Lt. Gov. Hosemann: Change is needed

The below is attributable to Lieutenant Governor Delbert Hosemann:

“I rise before you today to discuss the flag of our State.

This discussion is not prompted by fear of loss of economic development, although virtually every economic developer in our State has indicated opportunities and employment of our citizens will be adversely affected. Further, it is not prompted by the impending loss of student athletes’ ability to compete for championships, although that has occurred. Further, I recognize many of our citizens are proud of their individual ancestors, some of whom fought in battle 150 years ago. I am one of those citizens.

While important, these issues are not controlling.

What is compelling to me is the future of our children and grandchildren. They will learn together, they will work together, and they will worship together. Those who wish to fly our flag should not be typecast in any fashion. Similarly, those who are offended by our flag are sincere in their beliefs. The physical acknowledgements of our history are our guideposts and buoys which helps us to avoid reefs in the future. Destruction of history fails to change it and, over time, opens us to repeat it.

However, now we must look to a flag for our collective future to be flown over our collective assets. I, like the majority of Mississippians, am open to changing our current flag.

In my mind, our flag should bear the Seal of the Great State of Mississippi and state “In God We Trust.” I am open to bringing all citizens together to determine a banner for our future.

Some distrust the will of the citizens and fear the public dialogue which comes with a ballot. I am not one of those people. Changes in our hearts and minds arise from conversation, and in our Republic by the finality of the ballot box.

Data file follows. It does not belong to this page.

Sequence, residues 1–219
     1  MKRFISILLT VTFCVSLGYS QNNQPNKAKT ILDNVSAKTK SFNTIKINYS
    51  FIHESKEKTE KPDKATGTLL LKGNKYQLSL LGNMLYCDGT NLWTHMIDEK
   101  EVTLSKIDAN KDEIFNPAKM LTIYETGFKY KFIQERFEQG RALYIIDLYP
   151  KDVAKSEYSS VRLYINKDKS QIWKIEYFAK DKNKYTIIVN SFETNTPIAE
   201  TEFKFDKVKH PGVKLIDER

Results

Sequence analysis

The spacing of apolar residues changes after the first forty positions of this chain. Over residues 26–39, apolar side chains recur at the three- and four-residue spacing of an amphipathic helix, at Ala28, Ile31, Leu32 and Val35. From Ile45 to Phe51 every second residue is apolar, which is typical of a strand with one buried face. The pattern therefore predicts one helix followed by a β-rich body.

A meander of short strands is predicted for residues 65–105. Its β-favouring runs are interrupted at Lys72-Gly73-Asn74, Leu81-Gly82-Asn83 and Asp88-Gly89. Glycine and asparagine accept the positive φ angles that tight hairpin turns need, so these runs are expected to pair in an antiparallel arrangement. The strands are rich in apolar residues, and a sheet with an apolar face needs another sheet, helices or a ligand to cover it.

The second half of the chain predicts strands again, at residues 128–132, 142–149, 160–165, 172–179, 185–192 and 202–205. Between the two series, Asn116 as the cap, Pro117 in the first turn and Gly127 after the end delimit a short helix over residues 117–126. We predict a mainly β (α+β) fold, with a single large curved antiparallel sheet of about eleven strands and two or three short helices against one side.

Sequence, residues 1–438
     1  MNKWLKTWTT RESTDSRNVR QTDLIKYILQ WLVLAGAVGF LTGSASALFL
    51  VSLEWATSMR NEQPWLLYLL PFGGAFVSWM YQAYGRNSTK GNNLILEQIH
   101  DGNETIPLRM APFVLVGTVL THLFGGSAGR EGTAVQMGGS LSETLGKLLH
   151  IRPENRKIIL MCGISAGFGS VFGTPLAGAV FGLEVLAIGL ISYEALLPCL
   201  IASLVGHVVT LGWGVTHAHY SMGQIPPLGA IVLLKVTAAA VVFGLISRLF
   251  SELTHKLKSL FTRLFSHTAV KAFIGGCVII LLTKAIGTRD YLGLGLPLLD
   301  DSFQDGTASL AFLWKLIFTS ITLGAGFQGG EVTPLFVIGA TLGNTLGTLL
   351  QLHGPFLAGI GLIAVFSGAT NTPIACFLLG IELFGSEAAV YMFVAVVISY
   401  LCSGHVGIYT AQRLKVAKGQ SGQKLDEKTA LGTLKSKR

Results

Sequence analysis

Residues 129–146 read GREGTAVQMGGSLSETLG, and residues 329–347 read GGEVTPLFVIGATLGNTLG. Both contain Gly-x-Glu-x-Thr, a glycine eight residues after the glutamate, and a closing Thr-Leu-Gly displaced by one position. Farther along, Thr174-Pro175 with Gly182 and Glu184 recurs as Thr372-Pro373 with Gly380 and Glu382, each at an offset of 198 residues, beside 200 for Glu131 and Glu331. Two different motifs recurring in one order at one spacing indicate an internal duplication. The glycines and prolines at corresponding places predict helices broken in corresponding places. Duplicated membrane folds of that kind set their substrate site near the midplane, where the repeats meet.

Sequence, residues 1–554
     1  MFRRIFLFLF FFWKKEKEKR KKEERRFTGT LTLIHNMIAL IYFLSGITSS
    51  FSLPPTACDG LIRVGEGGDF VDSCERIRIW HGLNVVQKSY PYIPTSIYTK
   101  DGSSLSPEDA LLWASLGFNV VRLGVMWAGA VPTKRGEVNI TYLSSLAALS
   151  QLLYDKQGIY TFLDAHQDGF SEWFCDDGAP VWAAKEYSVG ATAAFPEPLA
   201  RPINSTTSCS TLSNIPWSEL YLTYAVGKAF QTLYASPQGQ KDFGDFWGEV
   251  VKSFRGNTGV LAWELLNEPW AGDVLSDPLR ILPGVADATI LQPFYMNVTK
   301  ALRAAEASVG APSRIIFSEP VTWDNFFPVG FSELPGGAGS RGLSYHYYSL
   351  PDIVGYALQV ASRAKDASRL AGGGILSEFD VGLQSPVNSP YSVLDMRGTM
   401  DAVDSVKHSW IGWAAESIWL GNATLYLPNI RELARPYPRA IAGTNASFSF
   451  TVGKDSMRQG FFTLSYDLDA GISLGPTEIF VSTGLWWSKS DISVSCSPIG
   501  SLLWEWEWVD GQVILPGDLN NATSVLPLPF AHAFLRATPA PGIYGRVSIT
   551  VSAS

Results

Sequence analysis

However, the Legislature in 1894 selected the current flag and the Legislature should address it today. Failing to do so only harms us and postpones the inevitable.”

State press association pushes for change

The state’s newspaper media association is joining with other trade groups and business and religious leaders in calling for a change to the Mississippi flag. 

Leadership of the Mississippi Press Association said change is needed now to adopt a new banner that represents people of all races and ethnicities who call the state home.

“We believe the state flag should be one that speaks for all people of Mississippi today and in the future,” said MPA President Kevin Cooper. “We recognize the imagery of the current state flag is hurtful to a large number of our fellow citizens, and, for that reason, we call on the Mississippi legislature to enact change.”

“We consider MPA an apolitical organization, but we feel this is a significant moment in our state’s history and calls on us to speak out,” said MPA Executive Director Layne Bruce. “We urge lawmakers to act upon it and help ensure a future that is respectful and inclusive to all in this state.”

As one of the Mississippi’s oldest trade or professional associations, MPA represents over 100 print newspaper and digital media organizations in the state.